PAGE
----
Muhammad Nami, chairman of the Joint Tax Board (JTB) says the Federal Government is working to end taxes on tomatoes and other raw food items.
Nami stated this at the 153rd JTB meeting with the theme “Harmonisation and codification of taxes at national and sub-national levels, key to achieving tax-friendly environment in Nigeria” in Abuja.
He said ending taxation on the ‘non-taxable item’ was part of the proposed tax reforms of the President Bola Tinubu-led administration.
“For the informal sector, we do not want goods and services that are not taxable to be taxed. We will have an enumeration of the sector to ensure that those that are trading in goods like tomatoes and other raw food items are not made to pay taxes.
“Also, those that are not making up to N25 million will not be allowed to pay company tax or value-added tax (VAT),” the chairman said.
Nami, who is also the executive chairman of the Federal Inland Revenue Service (FIRS), also said that President Tinubu was determined to harmonise taxes and end multiple taxation in the country.
“We are lucky to have a new administration that has from day one indicated interest in eliminating multiple taxation.
“The implication is that what we call informal taxes, black taxes or whatever name it is called either at the federal, state or local government levels, will be eliminated.
“This is to encourage investment and to raise revenue generation. The move has become necessary because the irony is that the more taxes we have the less revenue we generate,” he said.
The chairman noted that the harmonisation process would further reduce the number of taxes, block leakages as well as boost revenue generation.
Nami said: “Once multiple taxation ends, there will be funds at all tiers of government to build roads, schools and hospitals and to secure lives and property.
“This is not another promise that will not be fulfilled; the government has announced the constitution of a committee already.”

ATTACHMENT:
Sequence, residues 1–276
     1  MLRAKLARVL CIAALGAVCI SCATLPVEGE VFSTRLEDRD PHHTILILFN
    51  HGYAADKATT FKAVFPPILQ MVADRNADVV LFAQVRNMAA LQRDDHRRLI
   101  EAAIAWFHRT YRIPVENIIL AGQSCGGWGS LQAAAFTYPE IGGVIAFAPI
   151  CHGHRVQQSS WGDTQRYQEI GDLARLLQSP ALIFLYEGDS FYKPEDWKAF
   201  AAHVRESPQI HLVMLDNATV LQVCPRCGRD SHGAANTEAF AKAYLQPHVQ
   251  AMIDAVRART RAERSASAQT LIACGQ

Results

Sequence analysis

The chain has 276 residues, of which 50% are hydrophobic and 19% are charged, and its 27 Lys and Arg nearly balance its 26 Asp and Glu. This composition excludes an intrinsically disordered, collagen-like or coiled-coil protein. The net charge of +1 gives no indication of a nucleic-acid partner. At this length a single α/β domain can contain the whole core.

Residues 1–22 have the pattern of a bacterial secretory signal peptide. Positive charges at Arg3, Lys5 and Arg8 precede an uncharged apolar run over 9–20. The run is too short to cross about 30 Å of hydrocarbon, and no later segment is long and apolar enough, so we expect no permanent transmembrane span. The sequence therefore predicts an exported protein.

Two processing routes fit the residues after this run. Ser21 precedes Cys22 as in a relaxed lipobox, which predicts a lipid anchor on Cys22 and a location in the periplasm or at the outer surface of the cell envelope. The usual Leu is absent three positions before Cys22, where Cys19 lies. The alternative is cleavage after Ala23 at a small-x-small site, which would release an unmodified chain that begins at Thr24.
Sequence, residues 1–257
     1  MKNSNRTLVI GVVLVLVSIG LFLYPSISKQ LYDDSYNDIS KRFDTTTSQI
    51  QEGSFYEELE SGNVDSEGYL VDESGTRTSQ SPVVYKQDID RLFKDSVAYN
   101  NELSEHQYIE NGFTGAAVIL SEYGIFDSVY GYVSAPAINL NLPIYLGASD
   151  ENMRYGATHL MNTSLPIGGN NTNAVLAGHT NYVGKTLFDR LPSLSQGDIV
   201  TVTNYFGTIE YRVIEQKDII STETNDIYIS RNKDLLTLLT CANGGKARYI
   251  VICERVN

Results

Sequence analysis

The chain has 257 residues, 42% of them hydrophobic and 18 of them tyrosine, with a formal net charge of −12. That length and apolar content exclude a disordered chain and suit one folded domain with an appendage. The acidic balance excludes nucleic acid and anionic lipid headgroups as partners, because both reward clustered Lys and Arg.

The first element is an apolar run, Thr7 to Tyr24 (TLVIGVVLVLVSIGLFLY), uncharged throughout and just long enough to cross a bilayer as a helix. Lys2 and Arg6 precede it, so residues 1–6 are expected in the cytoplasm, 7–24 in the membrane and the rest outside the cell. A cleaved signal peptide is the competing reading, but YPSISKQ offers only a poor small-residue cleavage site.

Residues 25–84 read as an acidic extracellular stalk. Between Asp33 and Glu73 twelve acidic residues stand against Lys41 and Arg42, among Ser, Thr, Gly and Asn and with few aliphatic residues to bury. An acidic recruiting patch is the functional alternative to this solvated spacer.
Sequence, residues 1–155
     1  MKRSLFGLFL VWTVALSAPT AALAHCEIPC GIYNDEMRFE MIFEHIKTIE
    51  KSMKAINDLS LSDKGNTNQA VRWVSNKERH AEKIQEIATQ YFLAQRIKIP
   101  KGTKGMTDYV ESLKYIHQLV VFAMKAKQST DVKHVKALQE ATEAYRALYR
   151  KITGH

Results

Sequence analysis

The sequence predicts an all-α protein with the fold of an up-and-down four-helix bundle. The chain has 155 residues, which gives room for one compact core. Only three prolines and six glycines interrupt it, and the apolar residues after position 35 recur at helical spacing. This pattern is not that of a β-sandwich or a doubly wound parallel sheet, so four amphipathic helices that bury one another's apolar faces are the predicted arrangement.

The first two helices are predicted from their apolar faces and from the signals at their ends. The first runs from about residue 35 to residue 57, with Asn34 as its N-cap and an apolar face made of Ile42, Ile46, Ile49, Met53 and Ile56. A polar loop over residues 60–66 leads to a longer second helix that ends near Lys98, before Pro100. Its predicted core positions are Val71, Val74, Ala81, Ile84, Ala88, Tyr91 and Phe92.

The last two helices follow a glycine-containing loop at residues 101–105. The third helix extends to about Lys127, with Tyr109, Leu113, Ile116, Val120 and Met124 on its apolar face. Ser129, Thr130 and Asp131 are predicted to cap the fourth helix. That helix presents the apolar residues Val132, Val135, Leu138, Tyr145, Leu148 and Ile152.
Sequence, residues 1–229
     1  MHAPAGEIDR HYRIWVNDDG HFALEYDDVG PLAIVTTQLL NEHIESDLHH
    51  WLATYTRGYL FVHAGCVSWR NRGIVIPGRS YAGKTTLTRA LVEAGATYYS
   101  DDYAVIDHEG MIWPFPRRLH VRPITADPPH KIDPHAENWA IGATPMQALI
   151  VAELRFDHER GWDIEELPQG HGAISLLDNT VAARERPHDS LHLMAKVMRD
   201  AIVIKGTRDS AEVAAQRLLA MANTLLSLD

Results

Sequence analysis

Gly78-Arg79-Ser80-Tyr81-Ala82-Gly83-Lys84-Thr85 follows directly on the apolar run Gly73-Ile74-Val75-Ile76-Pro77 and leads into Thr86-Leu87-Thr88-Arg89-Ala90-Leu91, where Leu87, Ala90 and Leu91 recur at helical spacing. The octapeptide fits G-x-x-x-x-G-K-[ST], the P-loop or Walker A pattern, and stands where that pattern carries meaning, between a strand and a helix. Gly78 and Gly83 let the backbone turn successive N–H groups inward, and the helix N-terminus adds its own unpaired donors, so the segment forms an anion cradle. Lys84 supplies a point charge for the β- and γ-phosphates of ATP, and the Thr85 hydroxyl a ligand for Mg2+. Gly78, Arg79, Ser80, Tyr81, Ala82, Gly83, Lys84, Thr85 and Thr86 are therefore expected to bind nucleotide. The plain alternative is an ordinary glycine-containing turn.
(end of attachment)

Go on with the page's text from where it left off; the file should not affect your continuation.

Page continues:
The chairman said he recently attended the national executive council (NEC) meeting to speak with governors for their support to end tax multiplicity.
“We are confident that with the inauguration of the tax committee by the president tomorrow, Tuesday, we will start work immediately.
“It means that promises made in the past which were not kept will be kept this time,” Nami said.
In her remarks, Nana-Aisha Obomeghie, executive secretary, JTB, said there would be adequate sensitisation on the harmonisation process. According to her, the essence of the sensitisation was to create public awareness on “what tax to pay and what tax not to pay”.
“We intend to create awareness on when taxes should be paid and not a situation where people are made to pay taxes they do not know about.
“There will be lots of sensitisation on this for seamless payment of taxes.
“This will also help with ease of doing business while making tax environment friendly. People pay all manner of taxes; some legal and others illegal. Unfortunately, not all the monies go into government coffers.
“Some of the taxes go to the Federal Government and others do not. So, the essence of our gathering today is to harmonise all the collections such that you know what to pay and where to pay,” Obomeghie said.
Taiwo Oyedele, chairman of the Presidential Fiscal Policy and Tax Reforms Committee, said about nine types of taxes were paid to the Federal Government. He said state and local government councils receive much more taxes than the Federal Government, describing the situation as overwhelming to businesses.
Oyedele said the harmonisation process would go a long way in reducing corruption, tax evasion, among others.
Revenue collection officers from the 36 states of the federation and the federal capital territory (FCT) attended the meeting.